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Nahum, J.P. (1998). The Irrelevance of Wolff?. J. Amer. Psychoanal. Assn., 46(1):270-274.

(1998). Journal of the American Psychoanalytic Association, 46(1):270-274

The Irrelevance of Wolff?

Jeremy P. Nahum

In reading JAPA 44/2, I was struck with an irony that was perhaps unintended. The lead article is the “targeting” of infant research by Peter Wolff, one of its alleged own. Juxtaposed to this is the book section on the Freud wars, where Robert Michels, Jonathan Lear, and Robert Galatzer-Levy respond to Freud's critics, Frederick Crews and Adolf Grünbaum. The journal is in the position of promulgating in the first section what it rightly decries in the latter.

Before commenting on two issues I wish to address, let me say I agree with the positions of Peter Fonagy and Joy Osofsky, as well as Stephen Seligman, that (1) Wolff has defined psychoanalysis so narrowly that he has made it virtually impossible to enter into a discussion of the relevance/irrelevance to psychoanalysis of anything outside of this narrow purview; and (2) he has created a straw man and a series of false dichotomies that do violence to the richness and complexity of the efforts he seeks to dismiss. I can put it no better than Fonagy: “A relevant critique of this approach would have to address itself not to developmentally reductionistic straw men, but to the current frame of reference of infant researchers, developmental psychopathology” (p. 418).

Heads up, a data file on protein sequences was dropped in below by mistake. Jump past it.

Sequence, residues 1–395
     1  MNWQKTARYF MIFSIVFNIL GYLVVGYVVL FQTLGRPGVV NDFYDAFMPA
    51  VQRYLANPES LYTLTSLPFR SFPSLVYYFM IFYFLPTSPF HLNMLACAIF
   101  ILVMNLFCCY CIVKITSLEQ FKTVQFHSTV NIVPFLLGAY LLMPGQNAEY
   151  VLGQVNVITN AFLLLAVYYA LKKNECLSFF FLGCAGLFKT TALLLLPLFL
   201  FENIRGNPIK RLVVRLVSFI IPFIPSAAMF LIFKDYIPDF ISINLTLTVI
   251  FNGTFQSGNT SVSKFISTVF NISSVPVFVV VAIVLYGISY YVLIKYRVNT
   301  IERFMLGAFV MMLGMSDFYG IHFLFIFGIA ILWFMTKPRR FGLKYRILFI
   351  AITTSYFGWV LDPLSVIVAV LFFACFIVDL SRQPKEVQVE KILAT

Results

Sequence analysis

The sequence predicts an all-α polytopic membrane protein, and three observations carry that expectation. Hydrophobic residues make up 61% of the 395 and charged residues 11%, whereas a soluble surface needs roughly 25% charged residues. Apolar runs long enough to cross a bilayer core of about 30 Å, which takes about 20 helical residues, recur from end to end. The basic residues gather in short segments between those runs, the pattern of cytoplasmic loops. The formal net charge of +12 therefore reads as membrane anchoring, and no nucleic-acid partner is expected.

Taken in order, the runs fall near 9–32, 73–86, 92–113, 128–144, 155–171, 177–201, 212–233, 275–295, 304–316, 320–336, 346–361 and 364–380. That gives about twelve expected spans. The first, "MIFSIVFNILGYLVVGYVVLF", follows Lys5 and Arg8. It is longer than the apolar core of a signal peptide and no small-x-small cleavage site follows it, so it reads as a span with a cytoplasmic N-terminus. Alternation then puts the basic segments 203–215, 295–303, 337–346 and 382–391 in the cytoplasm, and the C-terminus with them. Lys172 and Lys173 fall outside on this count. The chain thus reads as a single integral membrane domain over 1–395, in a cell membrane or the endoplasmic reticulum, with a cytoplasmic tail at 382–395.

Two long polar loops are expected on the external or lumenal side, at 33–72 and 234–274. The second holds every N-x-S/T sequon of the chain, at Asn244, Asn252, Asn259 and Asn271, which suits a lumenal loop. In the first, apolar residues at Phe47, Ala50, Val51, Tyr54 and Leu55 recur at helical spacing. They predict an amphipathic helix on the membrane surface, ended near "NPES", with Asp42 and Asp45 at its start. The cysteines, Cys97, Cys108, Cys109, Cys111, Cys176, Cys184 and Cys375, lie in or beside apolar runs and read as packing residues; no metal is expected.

Moreover, Wolff takes Daniel Stern's comment about circularity (p. 372) out of context and implies that Stern's ideas about the subjective life of the infant are based on “the subjective life of the adult, as self-narrated,” a comment that shows a careless reading of Stern.

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